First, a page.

August 20, 2012

Pierogies and Ravioli

Even with the full-on gluten versions, you can be hard-pressed to find good frozen pierogies or ravioli. In my gluten days I became very picky, especially after living in Eastern Europe where homemade ones are everywhere. I quickly found good ones upon returning and send friends there still (the Sausage Kitchen has some of the best), but with gluten out of my diet I’ve been out of luck. I’m sure Italians and those who love ravioli feel the same – Ya, I’ve seen those line ups inside the good Italian shops.

I’ve wanted to try and make my own, but making pierogies from scratch is a big process, whether or not they’re gf. And it’s a lot of work when there are only two of you. So I got a little excited back in the spring when I heard that a store out in Kanata carried gluten-free pierogies. One day, when I happened to be off, I took a trip out to the suburbs and ventured to Grace in the Kitchen. Grace seems to have a bit of everything – high end kitchen products, the gadget that you can’t live without, those specialty food items that are perfect for party coming up, great desserts and coffee, fine cheeses, and of course some gluten-free goodies. Their shelves don’t have too many items that you can’t find anywhere else, but their freezer is the jackpot. And wouldn’t you know it there were bags of frozen gluten-free pierogies and ravioli. I was out of luck on my first visit, but the clerk was happy to put down my name for a phone call when they came in.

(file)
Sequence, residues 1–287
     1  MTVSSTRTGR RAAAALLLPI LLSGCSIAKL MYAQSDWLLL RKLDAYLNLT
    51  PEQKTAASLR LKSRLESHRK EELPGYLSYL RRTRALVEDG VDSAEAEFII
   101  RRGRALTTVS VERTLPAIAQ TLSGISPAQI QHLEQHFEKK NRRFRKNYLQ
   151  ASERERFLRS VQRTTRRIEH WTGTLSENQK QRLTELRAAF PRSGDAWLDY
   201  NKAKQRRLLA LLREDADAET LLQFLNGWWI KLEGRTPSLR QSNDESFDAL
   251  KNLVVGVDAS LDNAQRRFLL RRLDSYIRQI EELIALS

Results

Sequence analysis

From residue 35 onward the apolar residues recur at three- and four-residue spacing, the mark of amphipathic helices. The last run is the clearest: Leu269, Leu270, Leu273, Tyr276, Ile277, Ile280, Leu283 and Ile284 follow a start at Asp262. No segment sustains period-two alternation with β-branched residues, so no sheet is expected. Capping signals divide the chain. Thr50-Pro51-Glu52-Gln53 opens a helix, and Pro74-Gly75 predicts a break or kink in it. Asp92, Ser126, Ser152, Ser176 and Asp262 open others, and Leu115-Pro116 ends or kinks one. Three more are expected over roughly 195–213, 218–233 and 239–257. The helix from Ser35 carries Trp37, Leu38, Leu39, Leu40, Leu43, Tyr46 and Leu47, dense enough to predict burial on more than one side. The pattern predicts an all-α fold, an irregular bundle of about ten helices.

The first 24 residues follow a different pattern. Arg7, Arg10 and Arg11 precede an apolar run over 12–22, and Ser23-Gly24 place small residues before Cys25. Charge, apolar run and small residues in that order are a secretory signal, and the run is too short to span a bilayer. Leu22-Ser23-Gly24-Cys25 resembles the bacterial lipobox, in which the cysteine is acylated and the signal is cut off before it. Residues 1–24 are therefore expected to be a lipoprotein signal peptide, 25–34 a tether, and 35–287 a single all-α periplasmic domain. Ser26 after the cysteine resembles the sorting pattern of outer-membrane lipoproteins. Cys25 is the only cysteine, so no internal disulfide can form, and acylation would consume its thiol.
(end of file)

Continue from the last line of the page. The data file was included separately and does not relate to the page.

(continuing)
Conte’sPasta is in New Jersey and I must admit their pierogies are pretty good. Nothing will replace the fresh homemade pierogies I remember, but they are the closest thing in the gf world (I’ve had a few and their not that great). The only thing that would make them better is to use thinner dough; it’s just too thick for a pierogi. I’m sure that Italians would say the same about the ravioli. While I might think Conte’s are really good, they might not compare to someone’s nona’s ravioli.

Of course with ravioli being pasta (even the gf kind), you boil it to cook it; pierogies are different. There are those who boil and those who sauté. I’m in the sautéing group and Conte’s don’t sauté that well since they need to be thawed then pan-fried. It isn’t very easy and it doesn’t look very pretty. They boil up flawlessly though. As an experiment I boiled then sautéed them and it worked out pretty good. With some fried onions and a little plain yogurt, they were a nice dinner. Even The Honey was happy with them, and my mom didn’t think they were too bad either.

Grace also has a few gluten-free baked items available at their coffee counter. I picked up a delicious chocolate walnut cookie that was so rich and to-die-for.

The price for the pierogies and ravioli seems a little scary at first ($7.99/bag), but considering the amount and being gluten-free, it’s not too bad. From memory, there are about 12-14 pierogies/bag, which suffice for a bunch of small starters or 2-3 dinners. And the pierogies and pasta are filling, so 6-8/person is enough. Since this discovery I have found them also at Natural Pantry and RainbowFoods.


Post a Comment